# Schrodinger Cat Paradox

1. Dec 14, 2004

### scilover89

A cat and a flask of poison are enclosed together in a hermetically sealed opaque container. If the flask is broken, the cat is killed by the poison. Breakage of the flask is triggered by the discharge of a Geiger placed behind one of two holes made in a screen which is irradiated at the front by abeam of electrons. It is supposed that the beam is so weak that only one electron passes through the screen during the experiments.

According to QM, the cat should be dead-alive before the experimenter observe it

But, can't the cat observe the flow of electrons and make every possible route collaspe into one? Then the cat will not be dead-alive.

I hope you guys can give me some advice. Thank you.

2. Dec 14, 2004

### dextercioby

That would be one hell of a cat!! :rofl:

I guess the last chapter of David J.Griffiths' book "Introduction to Quantum Mechanics" would give you an insight into Erwin Schroedinger's (hopefully) "Gedankexperiment".

Daniel.

PS.Are u sure the box is hermetically ceiled??What if it's hermiteanly ceiled?? :rofl: Would that change the outcome??

3. Dec 14, 2004

### humanino

yes actually you are right : the cat is an observer, as you are. It is a huge macroscopic body, full of fluids and thermodynamics exchanges. As a result, separated parts of the cat's body cannot be coherent and there is no superposition. QM is not violated though. It is just that the phases of the off-diagonal element of the density matrix are random-like so they quikly average to zero. One could even in principle measure this decoherence time, it has been done and is in accordance qith the expected result (up to a certain accuracy, which is probably quite good, I do not remember )

Anyway, Schrodinger's cat was intended to be schematic. Like saying "In QM, doors can be open and close at the same time". No really they can't, because it is too improbable.

4. Dec 14, 2004

### tribdog

I hate the cat.
I never liked the whole scenario, but I think what you need to realize is that this isn't meant to be a real experiment. It was originally meant to show how ridiculous quantum mechanics can be, by someone who didn't believe in it in the first place. cats don't behave quantum mechanically. forget about the cat. trying to learn qm using cats will only hurt your understanding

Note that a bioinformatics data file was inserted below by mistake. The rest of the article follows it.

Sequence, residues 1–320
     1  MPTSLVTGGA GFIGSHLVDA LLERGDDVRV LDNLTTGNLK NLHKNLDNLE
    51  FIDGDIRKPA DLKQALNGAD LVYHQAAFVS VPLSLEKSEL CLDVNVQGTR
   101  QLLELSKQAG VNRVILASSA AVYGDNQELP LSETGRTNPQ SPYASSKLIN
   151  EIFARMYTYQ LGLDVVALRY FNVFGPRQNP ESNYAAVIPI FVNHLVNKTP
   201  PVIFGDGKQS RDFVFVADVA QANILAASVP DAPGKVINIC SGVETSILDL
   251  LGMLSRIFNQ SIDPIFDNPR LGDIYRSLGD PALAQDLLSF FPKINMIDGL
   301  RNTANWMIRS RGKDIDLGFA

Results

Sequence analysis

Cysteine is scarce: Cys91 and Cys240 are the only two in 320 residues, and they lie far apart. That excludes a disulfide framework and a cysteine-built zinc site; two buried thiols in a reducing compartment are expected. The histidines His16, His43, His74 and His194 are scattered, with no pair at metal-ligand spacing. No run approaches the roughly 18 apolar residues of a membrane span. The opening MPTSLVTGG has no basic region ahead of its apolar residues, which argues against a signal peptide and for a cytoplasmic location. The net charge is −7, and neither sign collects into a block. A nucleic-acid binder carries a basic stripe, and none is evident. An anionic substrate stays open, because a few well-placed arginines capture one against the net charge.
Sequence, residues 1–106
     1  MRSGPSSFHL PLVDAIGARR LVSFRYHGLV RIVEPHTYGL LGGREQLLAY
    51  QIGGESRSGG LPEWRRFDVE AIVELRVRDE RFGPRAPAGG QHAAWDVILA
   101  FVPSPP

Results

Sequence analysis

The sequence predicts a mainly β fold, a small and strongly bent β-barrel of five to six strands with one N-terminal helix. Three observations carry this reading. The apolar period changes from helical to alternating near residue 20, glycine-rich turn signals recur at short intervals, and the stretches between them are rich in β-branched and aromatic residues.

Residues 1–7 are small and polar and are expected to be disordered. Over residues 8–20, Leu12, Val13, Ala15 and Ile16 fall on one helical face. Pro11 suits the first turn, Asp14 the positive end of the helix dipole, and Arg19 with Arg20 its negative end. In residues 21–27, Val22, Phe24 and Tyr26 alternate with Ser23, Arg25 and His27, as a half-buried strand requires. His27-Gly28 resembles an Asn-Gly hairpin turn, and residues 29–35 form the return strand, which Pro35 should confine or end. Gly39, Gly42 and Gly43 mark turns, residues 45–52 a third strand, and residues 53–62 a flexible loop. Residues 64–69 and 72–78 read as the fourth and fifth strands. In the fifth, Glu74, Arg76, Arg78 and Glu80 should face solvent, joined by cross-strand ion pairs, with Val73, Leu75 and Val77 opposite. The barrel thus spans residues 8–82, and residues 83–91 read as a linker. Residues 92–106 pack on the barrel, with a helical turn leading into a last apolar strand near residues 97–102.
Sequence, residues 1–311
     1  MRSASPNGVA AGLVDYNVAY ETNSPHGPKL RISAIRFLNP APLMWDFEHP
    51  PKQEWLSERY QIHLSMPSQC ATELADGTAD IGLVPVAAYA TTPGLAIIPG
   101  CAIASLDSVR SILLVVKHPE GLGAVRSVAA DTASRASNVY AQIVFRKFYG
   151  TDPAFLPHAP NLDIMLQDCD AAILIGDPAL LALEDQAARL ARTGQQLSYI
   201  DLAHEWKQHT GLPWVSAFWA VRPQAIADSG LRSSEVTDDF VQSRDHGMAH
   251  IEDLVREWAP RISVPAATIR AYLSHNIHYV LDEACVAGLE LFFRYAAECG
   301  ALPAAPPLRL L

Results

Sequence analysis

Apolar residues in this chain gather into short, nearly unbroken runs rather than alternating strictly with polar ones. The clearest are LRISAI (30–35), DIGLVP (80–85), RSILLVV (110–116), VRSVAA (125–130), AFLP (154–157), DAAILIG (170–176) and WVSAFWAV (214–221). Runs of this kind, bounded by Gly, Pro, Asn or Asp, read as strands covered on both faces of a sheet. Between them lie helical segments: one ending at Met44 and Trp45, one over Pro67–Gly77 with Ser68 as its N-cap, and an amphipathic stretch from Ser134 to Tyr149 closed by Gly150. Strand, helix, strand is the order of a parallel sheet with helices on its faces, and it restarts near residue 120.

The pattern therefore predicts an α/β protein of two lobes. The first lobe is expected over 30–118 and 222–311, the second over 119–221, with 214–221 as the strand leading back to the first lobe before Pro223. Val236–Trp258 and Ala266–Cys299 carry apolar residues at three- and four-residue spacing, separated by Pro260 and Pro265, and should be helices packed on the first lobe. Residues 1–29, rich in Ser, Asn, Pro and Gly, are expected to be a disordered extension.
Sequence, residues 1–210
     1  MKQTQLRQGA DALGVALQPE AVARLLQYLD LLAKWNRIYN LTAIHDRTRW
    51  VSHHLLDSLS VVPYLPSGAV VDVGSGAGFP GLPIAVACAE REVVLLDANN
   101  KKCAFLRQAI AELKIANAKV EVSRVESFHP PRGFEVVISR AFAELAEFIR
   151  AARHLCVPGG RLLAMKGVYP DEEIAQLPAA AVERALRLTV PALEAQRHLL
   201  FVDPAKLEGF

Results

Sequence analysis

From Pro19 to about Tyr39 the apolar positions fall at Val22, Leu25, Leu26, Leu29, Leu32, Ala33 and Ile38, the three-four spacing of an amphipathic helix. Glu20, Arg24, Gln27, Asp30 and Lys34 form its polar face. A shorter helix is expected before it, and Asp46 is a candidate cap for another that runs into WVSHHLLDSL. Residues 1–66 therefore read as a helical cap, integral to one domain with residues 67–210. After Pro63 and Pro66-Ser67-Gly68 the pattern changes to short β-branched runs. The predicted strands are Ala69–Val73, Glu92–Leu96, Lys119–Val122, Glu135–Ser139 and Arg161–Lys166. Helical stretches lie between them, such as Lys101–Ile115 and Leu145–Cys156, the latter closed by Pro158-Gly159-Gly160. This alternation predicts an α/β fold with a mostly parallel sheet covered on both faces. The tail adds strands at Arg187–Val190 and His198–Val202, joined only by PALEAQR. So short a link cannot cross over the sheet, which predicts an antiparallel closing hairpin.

5. Dec 14, 2004

### tribdog

dogs on the other hand...

6. Dec 14, 2004

### humanino

You may like to check those two threads :
as well as Stanford's Encyclopedia of Philosophy on The Role of Decoherence in Quantum Theory

7. Dec 14, 2004

### Galileo

I hate this experiment.

I love cats.

8. Dec 14, 2004

### DaveC426913

I want to bring this thread back on track because there is an elegant solution to the apparent paradox.

"...can't the cat observe the flow of electrons and make every possible route collaspe into one?..."

Yes.
Within the confines of the box, the cat observes the flow of electrons, sees the vial break, and dies. Because it's being observed, those states collapse and there is only one state.

Also, within the confines of the box, the cat observes the flow of electrons, sees the vial NOT break, and lives. Because it's being observed, those states collapse and there is only one state.

But outside the box, both events are *still superposed*. The two of them do not collapse into one until the box is opened.

Note that this is regressive. *We* open a box with a dead cat in it. Simultaneously, we open a box with a live cat in it. Both those events are superposed, though we in this universe only experience one. Not until someone observes *us* do those two states collapse into one.

9. Dec 14, 2004

### Macgyver

The only thing this experiment definitively proves is that Schrödinger was more of a dog person, like Pavlov.

10. Dec 14, 2004

Staff Emeritus
Not so. Schroedinger was a cat person to the max. He used a cat in his gedankenexperiment just because the thought of doing that to a cat was so horrible, and he wanted to attract people's attention.

11. Dec 14, 2004

### Macgyver

I suppose a cat would get a great deal more attention that the standard lab rat.

12. Dec 14, 2004

### tribdog

I want to say something, and it sounds like a joke but it isn't. I know the Cat is just a way to wrap someone's mind around QM, but it never worked for me. I can only think of one case where quantum mechanics is seen in the macro world. Every week I buy a lottery ticket. When I go to the Circle K the next day to see what the winning lottery numbers were there is a moment where I can look at my ticket and it is juxtaposed might be a winner, might be a loser. It is only when I see the actual winning numbers that my ticket collapses into the losing state. there is a moment there though when it is a winner.